It all started one morning when I was reading a particularly stirring verse in Isaiah. About half way through I spotted a nugget. Not of wisdom. But a literal nugget made of chicken. Yes, there it sat on the end table in my living room.
Right then and there I decided to do a little test. I left it just to see how long it would take for another human in my home to notice it and recognize where this day-old, unrefrigerated nugget of pieces and parts belonged. The poor little nugget sat hour after hour right in the middle of my den. It sat right beside Brooke playing with her cyber pets on Webkins. It sat through Ashley's cartoon fest. It sat while Jackson walked past it umpteen times making his grand plans for hanging with his buds. It sat while Art got ready for work and walked past it to have me fix his tie.
Not a soul noticed the nugget except me! So, I devised part two of my plan. I asked the kids to come and sit on the couch so I could take their picture. I purposely posed them right with the nugget.
You'll see Ashley chatting away while the little nugget is close enough to hear every detail!
Jackson is posed right beside it. He even made a comment, "Look mom! There is a nugget on the table." I bit my tongue because I needed to complete my experiment. I needed to know: Is there another human who will feel compelled to pick up the NUGGET for Pete's sake? Whoever Pete is.
And then there is my little Brooke Caroline. But there is a little detail about her photo. The nugget has been moved! Moved I tell you!!! Someone flicked it just a few inches but never bothered to pick it up. Are you feeling my pain? It has been eight hours since the nugget was first discovered by moi!
So what is one to do with such pieces and parts that have been on display like this all day? Sometimes she gets all in a huff and demands to know who did this and why is it that no one but her EEEEVER picks up things like this … blah, blah, blah.
But on this day she remembered her resolution for this year: No more hissy fits!
So, through a nugget of chicken, she sees God’s nugget of wisdom. She decides to end her experiment and simply pick it up herself.
She then puts on her rose colored glasses that will surely transport her to places more tropical - where they don't even serve little deep fried poultry parts – and without having a hissy fit, she purses her lips into a most sincere smile and simply throws the nugget away. But not without taking a photo of the event so that her friends who have surely found nuggets in and around and tucked under and stuck to things, can relate and maybe even smile.
So that brings me to revisit my New Year’s resolution and examine how I’m doing. In the past, I have been known to throw a hissy fit, or two … or 200. But this year I have really made an effort to see the evidence of life in these kinds of mishaps. Yes, my children need to be more responsible. And yes, I am teaching them. But sometimes I simply need to get over things like this without the drama and fit-throwing.
I think my study of Isaiah is really helping that. "Forget the former things (like daily hissy fits); do not dwell on the past (even when it smells like day-old chicken.) See (Look for God in every situation and if you have cool glasses like these that my dentist let me pick from the prize box last week, they will surely help), I am doing a new thing! (God's abundance and my feelings of frustration are a perfect match.) Now it springs up; do you not perceive it? (God is available moment by moment with perfectly designed wisdom and perspectives for my every toil and trial.) I am making a way in the desert and streams in the wasteland." (Boy, does that perfectly describe my soul when it gets all busy and dried up - kind of like that nugget.) Isaiah 43:18-19, NIV.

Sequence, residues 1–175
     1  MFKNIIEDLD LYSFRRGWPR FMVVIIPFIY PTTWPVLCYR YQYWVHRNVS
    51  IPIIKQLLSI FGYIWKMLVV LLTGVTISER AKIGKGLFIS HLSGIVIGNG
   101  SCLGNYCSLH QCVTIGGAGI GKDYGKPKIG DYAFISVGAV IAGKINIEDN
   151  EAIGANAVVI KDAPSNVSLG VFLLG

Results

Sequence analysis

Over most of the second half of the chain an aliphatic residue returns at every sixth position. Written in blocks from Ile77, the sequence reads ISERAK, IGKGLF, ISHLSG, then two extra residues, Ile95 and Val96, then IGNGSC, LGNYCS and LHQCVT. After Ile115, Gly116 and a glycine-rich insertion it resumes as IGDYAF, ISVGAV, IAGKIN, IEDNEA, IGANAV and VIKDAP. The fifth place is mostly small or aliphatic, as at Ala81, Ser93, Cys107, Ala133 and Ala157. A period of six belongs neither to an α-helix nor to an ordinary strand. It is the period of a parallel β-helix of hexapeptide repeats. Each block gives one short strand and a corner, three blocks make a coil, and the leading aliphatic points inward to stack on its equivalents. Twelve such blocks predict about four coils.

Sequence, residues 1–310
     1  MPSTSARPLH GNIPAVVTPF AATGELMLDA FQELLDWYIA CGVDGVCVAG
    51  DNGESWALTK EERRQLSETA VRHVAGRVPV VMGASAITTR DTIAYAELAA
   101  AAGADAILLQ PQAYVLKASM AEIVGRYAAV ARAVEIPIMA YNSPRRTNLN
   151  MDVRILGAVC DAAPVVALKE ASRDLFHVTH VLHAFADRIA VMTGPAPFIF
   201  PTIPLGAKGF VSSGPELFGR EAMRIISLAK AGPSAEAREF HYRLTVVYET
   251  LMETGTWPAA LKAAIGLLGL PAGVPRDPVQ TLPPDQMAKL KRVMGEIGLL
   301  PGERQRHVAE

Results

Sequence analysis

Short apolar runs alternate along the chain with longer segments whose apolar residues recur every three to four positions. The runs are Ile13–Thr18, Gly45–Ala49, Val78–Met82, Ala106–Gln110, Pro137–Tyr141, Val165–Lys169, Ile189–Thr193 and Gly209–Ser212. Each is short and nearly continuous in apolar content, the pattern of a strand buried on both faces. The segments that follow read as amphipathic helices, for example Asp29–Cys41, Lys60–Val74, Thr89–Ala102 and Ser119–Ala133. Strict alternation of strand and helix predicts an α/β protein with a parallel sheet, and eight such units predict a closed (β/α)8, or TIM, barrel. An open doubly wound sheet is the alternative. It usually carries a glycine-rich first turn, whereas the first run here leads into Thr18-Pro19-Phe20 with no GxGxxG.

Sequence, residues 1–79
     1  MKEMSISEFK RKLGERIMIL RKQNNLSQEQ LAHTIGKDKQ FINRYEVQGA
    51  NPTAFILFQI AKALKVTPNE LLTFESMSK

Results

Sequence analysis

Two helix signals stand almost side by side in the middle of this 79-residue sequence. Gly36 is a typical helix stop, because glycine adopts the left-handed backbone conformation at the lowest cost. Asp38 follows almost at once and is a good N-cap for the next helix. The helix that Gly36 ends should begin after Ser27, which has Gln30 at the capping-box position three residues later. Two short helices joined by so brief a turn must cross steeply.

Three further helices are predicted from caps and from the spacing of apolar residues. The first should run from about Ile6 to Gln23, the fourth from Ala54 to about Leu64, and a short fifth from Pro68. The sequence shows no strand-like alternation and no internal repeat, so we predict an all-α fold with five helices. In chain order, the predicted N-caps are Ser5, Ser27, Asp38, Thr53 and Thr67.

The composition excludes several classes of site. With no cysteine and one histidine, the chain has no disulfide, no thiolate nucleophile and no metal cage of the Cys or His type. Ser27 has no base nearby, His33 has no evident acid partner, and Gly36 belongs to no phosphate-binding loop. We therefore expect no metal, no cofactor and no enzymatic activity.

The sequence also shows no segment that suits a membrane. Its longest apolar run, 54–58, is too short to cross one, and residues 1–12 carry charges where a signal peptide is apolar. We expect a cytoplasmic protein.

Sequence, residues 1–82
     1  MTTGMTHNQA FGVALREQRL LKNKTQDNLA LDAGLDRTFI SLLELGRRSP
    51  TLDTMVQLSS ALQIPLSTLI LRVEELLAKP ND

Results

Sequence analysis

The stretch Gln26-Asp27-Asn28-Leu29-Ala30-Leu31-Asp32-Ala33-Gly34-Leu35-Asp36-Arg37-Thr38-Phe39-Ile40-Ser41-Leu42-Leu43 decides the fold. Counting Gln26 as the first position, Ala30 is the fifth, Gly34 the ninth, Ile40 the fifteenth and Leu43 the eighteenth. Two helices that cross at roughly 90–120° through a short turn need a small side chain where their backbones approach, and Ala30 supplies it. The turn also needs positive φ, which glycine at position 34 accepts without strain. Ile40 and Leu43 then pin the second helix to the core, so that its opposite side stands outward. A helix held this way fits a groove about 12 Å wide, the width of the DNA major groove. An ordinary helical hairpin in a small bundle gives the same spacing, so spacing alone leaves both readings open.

I am a magnet for strange. Seriously. A few years ago I was outside with my three dogs soaking up the sunshine. We had gotten a new puppy named "Willow" for Christmas. Well, our other dogs, Champ and Chelsea, weren't sure what to think of precious, little three-pound, Willow.
I don't like open heights. I can't stand narrow balconies. And when driving across a bridge, you'll find me hugging the rail along the inside lane.
My daughter Hope is one of those people who knows how to dress. She'll put on a blue and white striped shirt, throw on an army jacket and black pants, finish the look with brown ankle boots and look like a fashionista.
It's usually very subtle. I'll think about something I want to do or sense God calling me to, and a feeling of uncertainty comes over me. Doubt whispers You can't do that. You're not good enough.
What makes a woman tender also reveals her vulnerabilities.
What makes a woman transparent also exposes her wounds.
What makes a woman authentic also uncovers her insecurities.
How to Stop Running the Show and Start Walking in Faith
by Karen Ehman
Women are wired to control. We make sure the house is clean, the meals are prepared, the beds are made, the children are dressed, and everyone gets to where they’re going on time. But sometimes our strength of being conscientious can morph into the weakness of being a slight—or all out—control freak! This humorous, yet spiritually practical book will help you learn how to control what you should, trust God with what you can’t, and more importantly, decide which one is which! Join Karen Ehman, a recovering control freak, as she enables you to: